Use this URL to cite or link to this record in EThOS: https://ethos.bl.uk/OrderDetails.do?uin=uk.bl.ethos.520483
Title: From service problem to service failure : assessing resort hotel customers' perceptions of acceptability
Author: Zainol, Noor Azimin
ISNI:       0000 0004 2690 8041
Awarding Body: University of Surrey
Current Institution: University of Surrey
Date of Award: 2010
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Abstract:
This study seeks to explore the current understanding of the nature of failure in relation to an individual’s zone of tolerance in the resort hotel context. Specifically, it aims to explore the acceptability of service problems based on the influence of attributes extracted from critically reviewing the service failure and zone of tolerance literatures. The main approach of the study involves developing a conceptual framework, based on a preliminary study and the previously reviewed literatures. These results show that different individuals have different perceptions with different variability in their zone of tolerance. Failure is seen as a difficult concept to judge as individuals have diverse perceptions of what constitutes a failure and when it starts. In addition, an initial negative encounter will predispose customers to future negative encounters. The research used two different approaches in the main study. The first used a qualitative study involving Critical Incident Technique (CIT), with the purpose of verifying the constructs identified in the proposed conceptual framework. The results confirmed the constructs tested and also identified a number of newly emergent constructs. This led to a revised conceptual framework to be tested in a larger scale, quantitative study. The quantitative study applied choice-based conjoint analysis via problematic scenarios where respondents performed a calculus in identifying which factors were perceived as the most important in leading to failure in resort hotels. The most significant findings are the identification of the salience of the attributes that have been shown to influence individuals’ determination of the unacceptability of service problems, hence contributing to what is seen as failure. These are identified as issues relating to employee errors, problems being attributed internally, problems encountered in the later stage of the service experience, problems concerning high value for money, negative incidents encountered - especially on a repeat visit, for guests staying for more than six nights and travelling with a spouse or friends. In addition, interaction effects between attributes and demographic segmentation analysis were also generated. This study has surfaced a number of contributions. Firstly, this study has forwarded a robust research framework consisting of the attributes which influence an individual’s determination of the unacceptability of service problems in resort hotels. Secondly, this study has empirically defined service failure as the (tipping) point where something is considered as being unacceptable and below the adequate expectation level in an individual’s zone of tolerance. Thirdly, the findings have generated four groups of failure categories with twelve sub-categories in the resort hotel context. Fourthly, it has provided strong supporting evidence that a prior negative incident is likely to predispose individuals to see subsequent encounters as negative. The application of conjoint analysis serves to provide a contribution towards the methodological stance in a way that the method is decompositional in nature and thus considered practical in studying failure identification. The result has also offered practical guidance to resort hotels in general. The study has contributed to failure identification, whilst also assisting in identifying potential fail points. Thus, service operations managers could act on problems that need prioritising for their corrective efforts that are central to customers’ quality perceptions.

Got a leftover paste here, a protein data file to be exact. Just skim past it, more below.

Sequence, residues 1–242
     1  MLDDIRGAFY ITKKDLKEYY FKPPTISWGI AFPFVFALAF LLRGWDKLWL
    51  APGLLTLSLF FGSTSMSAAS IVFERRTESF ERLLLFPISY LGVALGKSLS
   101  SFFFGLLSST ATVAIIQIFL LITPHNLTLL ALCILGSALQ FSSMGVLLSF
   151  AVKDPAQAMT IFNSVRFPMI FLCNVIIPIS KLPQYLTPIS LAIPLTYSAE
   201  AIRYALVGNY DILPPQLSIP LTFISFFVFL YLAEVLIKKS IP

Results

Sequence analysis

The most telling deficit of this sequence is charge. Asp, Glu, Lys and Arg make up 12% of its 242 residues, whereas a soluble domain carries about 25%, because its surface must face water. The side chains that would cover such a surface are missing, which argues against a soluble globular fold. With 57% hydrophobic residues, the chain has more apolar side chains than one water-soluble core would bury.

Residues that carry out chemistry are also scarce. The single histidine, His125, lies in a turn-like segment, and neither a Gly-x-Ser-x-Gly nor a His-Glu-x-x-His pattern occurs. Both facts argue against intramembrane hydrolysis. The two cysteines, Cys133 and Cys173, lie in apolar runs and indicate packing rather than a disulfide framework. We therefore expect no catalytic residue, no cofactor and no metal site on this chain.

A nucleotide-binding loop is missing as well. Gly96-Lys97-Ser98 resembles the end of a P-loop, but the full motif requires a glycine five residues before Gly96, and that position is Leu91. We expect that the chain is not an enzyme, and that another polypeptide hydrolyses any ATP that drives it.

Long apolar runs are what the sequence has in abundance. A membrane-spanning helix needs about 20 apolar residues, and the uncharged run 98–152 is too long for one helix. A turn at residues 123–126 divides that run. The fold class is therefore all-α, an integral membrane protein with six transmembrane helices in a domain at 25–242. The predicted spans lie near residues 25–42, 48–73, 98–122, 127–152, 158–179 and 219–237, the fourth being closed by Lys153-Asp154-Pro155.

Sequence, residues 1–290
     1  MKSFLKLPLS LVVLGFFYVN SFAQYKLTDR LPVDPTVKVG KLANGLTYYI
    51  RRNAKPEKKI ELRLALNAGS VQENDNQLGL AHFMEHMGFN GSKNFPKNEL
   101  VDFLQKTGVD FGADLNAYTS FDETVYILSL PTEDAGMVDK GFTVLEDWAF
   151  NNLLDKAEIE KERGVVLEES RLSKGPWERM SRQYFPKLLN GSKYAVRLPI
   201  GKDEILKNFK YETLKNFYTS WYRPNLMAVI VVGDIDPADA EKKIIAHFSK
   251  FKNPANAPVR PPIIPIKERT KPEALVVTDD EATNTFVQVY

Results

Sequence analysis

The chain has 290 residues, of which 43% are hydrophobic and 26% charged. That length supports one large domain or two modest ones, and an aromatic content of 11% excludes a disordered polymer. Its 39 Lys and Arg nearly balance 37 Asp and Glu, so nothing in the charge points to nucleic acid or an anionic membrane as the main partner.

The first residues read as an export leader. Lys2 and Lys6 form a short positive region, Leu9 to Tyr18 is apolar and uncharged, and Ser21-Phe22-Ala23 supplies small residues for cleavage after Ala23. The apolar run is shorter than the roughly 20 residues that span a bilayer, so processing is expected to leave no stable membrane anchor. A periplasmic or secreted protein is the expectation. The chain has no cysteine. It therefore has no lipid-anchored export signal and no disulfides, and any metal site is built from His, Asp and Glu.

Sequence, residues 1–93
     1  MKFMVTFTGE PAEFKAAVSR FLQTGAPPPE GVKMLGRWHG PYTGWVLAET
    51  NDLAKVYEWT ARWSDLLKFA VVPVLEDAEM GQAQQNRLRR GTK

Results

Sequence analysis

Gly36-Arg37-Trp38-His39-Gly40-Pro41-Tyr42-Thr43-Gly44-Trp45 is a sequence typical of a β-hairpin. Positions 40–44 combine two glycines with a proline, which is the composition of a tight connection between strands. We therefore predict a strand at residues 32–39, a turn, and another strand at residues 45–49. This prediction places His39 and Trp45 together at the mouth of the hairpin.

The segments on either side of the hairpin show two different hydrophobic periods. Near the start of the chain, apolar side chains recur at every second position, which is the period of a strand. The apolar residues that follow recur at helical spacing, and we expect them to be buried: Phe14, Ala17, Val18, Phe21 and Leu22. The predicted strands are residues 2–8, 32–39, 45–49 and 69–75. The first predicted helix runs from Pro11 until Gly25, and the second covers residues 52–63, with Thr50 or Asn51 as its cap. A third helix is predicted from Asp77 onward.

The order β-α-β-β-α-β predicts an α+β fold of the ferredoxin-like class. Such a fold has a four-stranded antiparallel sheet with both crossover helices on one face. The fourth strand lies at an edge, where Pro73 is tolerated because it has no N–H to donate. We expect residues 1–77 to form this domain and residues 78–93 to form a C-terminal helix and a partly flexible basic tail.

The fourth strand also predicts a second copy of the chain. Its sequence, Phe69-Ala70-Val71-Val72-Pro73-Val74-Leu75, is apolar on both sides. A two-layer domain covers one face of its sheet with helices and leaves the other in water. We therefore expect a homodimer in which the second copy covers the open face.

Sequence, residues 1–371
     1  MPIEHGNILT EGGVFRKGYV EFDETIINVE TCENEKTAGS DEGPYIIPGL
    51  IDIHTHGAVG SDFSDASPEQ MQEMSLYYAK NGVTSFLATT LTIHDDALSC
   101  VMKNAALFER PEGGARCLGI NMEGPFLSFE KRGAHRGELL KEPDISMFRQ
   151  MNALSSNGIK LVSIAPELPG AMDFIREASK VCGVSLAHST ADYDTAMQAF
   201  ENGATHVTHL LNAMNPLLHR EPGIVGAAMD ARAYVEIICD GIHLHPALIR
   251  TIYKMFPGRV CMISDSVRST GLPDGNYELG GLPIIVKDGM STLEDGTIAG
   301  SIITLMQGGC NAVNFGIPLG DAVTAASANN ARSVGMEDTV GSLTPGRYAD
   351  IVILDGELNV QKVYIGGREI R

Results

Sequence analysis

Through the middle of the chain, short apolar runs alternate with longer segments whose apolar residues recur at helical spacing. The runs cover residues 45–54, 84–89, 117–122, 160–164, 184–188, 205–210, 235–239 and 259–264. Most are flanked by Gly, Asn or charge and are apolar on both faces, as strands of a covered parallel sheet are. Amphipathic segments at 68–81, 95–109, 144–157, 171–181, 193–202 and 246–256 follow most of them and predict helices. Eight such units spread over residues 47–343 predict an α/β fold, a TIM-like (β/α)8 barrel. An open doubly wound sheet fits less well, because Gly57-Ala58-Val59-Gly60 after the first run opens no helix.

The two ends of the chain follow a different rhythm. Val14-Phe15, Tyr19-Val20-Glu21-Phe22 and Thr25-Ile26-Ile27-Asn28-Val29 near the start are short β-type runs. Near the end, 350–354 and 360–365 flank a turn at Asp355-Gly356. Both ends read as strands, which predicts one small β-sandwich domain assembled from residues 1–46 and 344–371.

Supervisor: Not available Sponsor: Not available
Qualification Name: Thesis (Ph.D.) Qualification Level: Doctoral
EThOS ID: uk.bl.ethos.520483  DOI: Not available
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